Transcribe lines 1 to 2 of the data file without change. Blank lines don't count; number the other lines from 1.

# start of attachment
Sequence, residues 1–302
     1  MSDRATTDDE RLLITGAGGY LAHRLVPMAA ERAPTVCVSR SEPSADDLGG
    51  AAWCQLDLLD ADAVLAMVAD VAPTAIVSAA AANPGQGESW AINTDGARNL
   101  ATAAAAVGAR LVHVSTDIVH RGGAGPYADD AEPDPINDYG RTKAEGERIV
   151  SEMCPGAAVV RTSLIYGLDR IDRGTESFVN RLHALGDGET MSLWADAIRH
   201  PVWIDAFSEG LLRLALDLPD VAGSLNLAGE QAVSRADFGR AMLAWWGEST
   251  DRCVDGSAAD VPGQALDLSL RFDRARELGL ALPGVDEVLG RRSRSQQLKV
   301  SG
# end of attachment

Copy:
Sequence, residues 1–302
     1  MSDRATTDDE RLLITGAGGY LAHRLVPMAA ERAPTVCVSR SEPSADDLGG